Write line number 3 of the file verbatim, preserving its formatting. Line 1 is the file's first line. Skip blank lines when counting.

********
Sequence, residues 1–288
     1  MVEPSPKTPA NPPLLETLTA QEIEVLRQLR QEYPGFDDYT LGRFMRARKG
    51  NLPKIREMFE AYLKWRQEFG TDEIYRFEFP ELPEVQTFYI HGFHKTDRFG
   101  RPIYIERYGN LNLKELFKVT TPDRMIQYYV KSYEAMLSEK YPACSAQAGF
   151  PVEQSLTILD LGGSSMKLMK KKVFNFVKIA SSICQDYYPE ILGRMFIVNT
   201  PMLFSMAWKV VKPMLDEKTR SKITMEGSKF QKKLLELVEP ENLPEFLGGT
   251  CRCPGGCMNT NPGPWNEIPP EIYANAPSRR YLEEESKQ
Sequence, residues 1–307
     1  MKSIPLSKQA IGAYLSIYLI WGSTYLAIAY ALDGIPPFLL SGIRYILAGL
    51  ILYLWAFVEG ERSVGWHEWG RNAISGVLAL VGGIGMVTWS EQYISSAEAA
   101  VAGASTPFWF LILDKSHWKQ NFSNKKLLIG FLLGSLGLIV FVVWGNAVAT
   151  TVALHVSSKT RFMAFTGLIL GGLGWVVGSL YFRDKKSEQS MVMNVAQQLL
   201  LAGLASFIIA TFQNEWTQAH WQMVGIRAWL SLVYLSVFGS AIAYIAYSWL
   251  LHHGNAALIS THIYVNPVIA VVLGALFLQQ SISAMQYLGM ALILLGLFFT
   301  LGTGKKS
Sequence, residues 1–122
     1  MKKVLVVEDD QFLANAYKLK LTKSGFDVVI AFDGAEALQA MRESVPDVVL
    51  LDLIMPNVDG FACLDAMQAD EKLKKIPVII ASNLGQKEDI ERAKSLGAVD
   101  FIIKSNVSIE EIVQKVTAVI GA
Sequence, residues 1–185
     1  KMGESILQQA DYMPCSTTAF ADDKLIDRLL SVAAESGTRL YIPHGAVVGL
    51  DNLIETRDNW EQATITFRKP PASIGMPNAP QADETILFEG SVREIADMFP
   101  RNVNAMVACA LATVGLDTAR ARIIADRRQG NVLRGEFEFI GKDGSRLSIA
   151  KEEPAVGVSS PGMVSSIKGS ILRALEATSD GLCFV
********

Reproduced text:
    51  NLPKIREMFE AYLKWRQEFG TDEIYRFEFP ELPEVQTFYI HGFHKTDRFG